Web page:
Michael Hirsh documents how the Obama administration is going to position the president during the campaign:
In a powerful one-two punch, The New York Times and Newsweek have just come out with extensively reported articles demonstrating how personally and deeply involved Obama is with killing terrorists--a lot of terrorists. Even to the point of occasionally taking out innocents. (Both stories are very detailed followups to an article National Journal/Atlantic published a year ago.)
The question is, now that the image of Obama-as-hard-power-president seems to be settling in as conventional wisdom, how will that play at the polls? Recent results, for example the NYT/CBS poll in April, suggest that Obama and Romney are evenly matched when it comes to commander-in-chief credentials. That's actually pretty good for a Democrat, indicating that at worst Obama may have successfully neutralized what has traditionally been a GOP strong point.
Expect a lot more of this hard-power-sell from Obamaland in the months ahead. As we reported some months ago, the Obama camp is gearing up to present the president as the toughest Dem on national security since JFK -- throwing off, at long last, the Vietnam albatross that has weighed the party down since LBJ split the Dems over that unpopular war and Ronald Reagan took up the banner of strong-on-defense. No surprise: both the NYT and Newsweek pieces (the latter is excerpted from a book) indicate that the administration was quite cooperative on the reporting.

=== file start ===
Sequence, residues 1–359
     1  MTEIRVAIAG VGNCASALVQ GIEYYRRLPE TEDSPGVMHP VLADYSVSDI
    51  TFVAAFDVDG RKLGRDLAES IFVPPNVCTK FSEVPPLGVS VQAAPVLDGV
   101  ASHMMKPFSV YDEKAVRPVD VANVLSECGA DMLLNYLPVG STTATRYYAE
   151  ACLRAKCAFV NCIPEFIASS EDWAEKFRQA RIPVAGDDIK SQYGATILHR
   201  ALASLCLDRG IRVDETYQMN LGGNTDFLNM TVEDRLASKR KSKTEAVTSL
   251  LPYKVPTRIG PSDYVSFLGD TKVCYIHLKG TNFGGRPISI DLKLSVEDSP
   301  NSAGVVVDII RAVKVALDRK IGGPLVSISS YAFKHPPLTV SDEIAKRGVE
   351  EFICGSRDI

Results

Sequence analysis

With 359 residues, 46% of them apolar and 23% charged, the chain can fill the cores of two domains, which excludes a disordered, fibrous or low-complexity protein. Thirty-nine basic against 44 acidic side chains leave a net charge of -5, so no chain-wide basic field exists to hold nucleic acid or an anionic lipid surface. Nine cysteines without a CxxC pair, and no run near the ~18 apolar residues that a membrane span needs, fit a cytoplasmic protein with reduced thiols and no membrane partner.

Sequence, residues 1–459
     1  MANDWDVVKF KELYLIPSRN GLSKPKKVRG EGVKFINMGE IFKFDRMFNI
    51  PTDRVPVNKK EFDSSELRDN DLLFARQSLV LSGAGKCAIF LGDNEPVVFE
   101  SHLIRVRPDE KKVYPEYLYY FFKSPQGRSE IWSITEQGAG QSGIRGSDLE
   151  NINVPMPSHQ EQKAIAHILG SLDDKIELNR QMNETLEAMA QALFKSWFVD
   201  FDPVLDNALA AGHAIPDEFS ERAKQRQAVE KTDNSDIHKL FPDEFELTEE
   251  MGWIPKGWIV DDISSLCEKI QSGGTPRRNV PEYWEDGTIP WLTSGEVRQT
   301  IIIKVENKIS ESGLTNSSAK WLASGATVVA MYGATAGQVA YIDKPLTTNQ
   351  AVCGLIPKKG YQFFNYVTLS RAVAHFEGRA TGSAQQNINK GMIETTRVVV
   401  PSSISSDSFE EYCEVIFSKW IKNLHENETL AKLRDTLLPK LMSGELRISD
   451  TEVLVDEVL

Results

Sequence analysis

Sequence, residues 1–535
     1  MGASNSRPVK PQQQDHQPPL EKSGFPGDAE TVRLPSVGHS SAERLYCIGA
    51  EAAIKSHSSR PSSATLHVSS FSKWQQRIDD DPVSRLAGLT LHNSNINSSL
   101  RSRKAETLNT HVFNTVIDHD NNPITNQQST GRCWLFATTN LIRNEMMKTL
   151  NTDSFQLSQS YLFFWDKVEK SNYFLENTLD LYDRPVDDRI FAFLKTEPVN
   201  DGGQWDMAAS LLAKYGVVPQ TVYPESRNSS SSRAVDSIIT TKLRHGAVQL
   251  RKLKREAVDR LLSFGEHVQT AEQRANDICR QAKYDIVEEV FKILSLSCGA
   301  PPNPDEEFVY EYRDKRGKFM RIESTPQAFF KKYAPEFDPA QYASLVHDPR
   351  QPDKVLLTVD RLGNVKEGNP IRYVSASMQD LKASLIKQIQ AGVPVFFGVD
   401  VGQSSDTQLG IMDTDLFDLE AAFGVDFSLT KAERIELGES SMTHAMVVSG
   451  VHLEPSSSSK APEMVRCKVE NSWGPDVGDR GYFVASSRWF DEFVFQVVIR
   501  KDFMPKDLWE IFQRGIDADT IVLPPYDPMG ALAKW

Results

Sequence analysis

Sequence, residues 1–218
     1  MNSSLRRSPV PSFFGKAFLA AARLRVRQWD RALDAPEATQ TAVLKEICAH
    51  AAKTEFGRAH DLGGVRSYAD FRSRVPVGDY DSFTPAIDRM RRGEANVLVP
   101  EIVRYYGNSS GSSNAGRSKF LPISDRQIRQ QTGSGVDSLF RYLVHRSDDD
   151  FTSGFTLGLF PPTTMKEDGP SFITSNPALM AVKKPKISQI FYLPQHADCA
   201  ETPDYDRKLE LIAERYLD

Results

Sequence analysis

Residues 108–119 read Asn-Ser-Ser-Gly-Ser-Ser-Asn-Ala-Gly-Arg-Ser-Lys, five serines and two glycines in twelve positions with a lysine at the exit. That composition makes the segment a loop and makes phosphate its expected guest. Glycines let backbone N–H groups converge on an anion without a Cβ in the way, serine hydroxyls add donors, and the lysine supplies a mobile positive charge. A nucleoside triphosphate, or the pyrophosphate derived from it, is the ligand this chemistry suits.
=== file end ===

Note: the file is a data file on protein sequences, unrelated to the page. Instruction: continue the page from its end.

Many progressives have desperately wished for this outcome - that a Democrat could finally "own" the issue of national security - but I can't imagine they're happy with how President Obama has done it. In fact, far from developing a new doctrine, or proving the efficacy of diplomacy or demonstrating the saliency of "smart power" - President Obama is simply trotting out a pile of corpses as his national security bona fides.
Politically, one can sympathize with the idea that a president who has liquidated the U.S. commitment in Iraq and is attempting to draw down in Afghanistan and cut U.S. military spending would seek some "hawkish" policy as political cover. But whatever else one can say about it, it's far cry from refashioning the national security debate in the U.S. And it goes a long way to explaining why Governor Romney is choosing to attack President Obama from the hawkish/interventionist side. There appears to be no political downside to interventionism - despite the fact that the U.S. is deeply in debt or that 'victories' like the one in Libya are dubious achievements at best.